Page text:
That means farmers can monitor rainfall and water levels in remote tanks anywhere, without the need for internet coverage or mobile phone connectivity.
Myriota business development executive Tom Rayner said its “everywhere” communication solution was ideally suited to agriculture.
“With ground-based communications requiring capital and geographical prioritisation, there will be ‘black spots’ where data is lost, but through this collaboration with Goanna Ag, we have been able to overcome these challenges of cost and connectivity,” he said.
Goanna Ag chief operating officer Tom Dowling said the company had been working towards the solution for more than a decade.
“Thanks to our partnership with Myriota we have developed a game-changing solution that will drive on-farm efficiencies – particularly around water management and optimisation,” he said.
“Our clients know the value that comes from remote monitoring, but until now, the industry has been restricted by coverage and cost issues.”
Goanna Ag has conducted trials of a number of the rain gauges and water tank monitoring devices on farms and commercial releases is close. Each unit costs under $1,000 or combined for around $1,200.
Farmers can place pre-orders with sales expected to start in October.
Units are set to include three years of connectivity, data management and app access as standard.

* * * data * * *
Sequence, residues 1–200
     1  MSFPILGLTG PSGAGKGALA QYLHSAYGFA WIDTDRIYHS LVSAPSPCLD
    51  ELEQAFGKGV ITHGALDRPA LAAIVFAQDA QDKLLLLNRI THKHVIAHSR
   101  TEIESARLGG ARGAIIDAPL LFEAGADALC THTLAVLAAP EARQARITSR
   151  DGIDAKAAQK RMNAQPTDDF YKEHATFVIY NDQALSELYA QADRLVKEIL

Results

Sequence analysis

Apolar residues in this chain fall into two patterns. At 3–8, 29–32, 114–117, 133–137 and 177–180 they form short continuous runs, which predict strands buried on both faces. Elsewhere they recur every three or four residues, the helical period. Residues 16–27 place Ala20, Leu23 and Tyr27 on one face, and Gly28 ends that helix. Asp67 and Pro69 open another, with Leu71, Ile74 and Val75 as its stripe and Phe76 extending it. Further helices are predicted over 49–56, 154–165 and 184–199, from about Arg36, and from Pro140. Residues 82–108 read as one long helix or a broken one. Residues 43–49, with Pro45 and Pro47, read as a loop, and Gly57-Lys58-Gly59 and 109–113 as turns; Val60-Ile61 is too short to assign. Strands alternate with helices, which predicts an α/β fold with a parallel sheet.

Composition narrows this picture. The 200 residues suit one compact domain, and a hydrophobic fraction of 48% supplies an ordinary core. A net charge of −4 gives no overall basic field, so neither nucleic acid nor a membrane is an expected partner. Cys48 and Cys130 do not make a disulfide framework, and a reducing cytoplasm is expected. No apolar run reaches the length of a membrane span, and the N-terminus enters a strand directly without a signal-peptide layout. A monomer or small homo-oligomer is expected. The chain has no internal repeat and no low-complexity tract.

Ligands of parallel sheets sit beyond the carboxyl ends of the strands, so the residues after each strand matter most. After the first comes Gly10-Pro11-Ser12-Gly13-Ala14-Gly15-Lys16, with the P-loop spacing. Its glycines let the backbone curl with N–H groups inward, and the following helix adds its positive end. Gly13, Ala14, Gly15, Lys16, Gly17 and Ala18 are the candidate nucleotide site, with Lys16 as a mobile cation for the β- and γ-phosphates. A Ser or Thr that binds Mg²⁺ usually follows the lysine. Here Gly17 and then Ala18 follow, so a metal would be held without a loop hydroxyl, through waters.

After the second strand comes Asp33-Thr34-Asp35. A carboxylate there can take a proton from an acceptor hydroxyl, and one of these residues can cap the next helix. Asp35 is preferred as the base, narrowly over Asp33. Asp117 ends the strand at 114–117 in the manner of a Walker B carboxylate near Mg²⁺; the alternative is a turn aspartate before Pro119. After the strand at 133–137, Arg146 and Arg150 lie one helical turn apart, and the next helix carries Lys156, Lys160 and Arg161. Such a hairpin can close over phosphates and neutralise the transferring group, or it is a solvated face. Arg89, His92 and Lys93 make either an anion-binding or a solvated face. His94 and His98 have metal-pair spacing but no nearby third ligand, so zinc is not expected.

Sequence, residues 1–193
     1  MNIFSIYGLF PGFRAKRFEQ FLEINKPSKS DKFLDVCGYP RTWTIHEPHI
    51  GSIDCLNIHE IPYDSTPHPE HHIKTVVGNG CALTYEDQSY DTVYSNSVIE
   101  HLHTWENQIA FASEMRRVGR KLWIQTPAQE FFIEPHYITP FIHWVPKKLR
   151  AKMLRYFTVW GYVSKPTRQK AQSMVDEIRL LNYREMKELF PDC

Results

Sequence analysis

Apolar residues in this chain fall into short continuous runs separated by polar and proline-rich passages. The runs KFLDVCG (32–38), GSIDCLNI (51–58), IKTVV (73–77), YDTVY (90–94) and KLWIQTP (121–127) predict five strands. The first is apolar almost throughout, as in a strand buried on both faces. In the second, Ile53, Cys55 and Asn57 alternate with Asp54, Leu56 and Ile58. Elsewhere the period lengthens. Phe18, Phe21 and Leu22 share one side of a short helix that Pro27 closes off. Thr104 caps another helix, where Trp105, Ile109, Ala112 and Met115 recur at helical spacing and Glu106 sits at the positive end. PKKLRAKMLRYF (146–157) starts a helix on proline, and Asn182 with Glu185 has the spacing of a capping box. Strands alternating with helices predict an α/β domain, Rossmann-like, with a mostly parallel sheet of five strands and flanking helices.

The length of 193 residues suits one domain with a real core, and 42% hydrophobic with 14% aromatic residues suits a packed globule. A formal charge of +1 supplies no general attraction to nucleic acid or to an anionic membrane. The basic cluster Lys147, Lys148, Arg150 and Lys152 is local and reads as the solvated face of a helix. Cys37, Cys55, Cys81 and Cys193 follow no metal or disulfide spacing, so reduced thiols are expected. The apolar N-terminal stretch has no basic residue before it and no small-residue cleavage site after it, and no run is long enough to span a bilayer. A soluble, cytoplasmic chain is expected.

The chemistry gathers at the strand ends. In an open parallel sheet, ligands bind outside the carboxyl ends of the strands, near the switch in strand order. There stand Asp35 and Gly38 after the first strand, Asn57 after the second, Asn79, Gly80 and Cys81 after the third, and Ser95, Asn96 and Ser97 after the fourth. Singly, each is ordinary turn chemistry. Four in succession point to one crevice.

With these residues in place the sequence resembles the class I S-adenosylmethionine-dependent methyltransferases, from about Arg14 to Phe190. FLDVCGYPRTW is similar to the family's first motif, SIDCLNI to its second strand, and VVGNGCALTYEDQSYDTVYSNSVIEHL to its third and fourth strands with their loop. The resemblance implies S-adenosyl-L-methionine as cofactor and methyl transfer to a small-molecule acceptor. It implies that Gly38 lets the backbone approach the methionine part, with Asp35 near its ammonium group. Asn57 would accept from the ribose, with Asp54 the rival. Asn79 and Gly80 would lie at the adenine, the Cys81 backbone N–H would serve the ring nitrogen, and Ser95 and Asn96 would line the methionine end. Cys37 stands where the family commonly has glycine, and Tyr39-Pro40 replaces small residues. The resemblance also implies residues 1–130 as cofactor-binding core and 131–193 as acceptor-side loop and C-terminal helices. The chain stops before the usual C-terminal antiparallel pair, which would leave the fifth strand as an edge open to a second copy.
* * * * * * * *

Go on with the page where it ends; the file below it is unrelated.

Future versions of the rain gauges are expected to feature smart functionality, including point specific weather forecasting generated by the Bureau of Meteorology, aggregated and granular rainfall mapping and an initial on-the-go yield forecaster for dry-land cropping.
Myriota emerged from the University of South Australia in 2015 to commercialise research on internet of things (IoT) connectivity conducted by company founders Dr Alex Grant and Dr David Haley.
The company has developed a range of remote area connectivity solutions. For example, its water tank level monitoring system allows farmers to see water tank levels on their smartphone.
Data goers from the tank or gauge to orbiting nanosatellite and then to the cloud, and from there to the farmer. Although other satellite operators can provide this type of service, Myriota said it can do it far cheaper.
Myriota’s nano-satellite was launched on a SpaceX Falcon 9 rocket in December last year.
Myriota uses exactEarth’s Low Earth Orbit (LEO) satellite constellation, launched on a SpaceX Falcon 9 rocket in December, for its connectivity.
Goanna Ag is based in Goodiwindi, Queensland and emerged from the innovation of former local agronomist Tom Dowling founded Goanna Telemetry in 2001.
Last year, Goanna Telemetry merged with Discovery Ag to form Goanna Ag, developing farm sensors, including weather stations and soil moisture probes to provide growers with data to improve water use efficiency.
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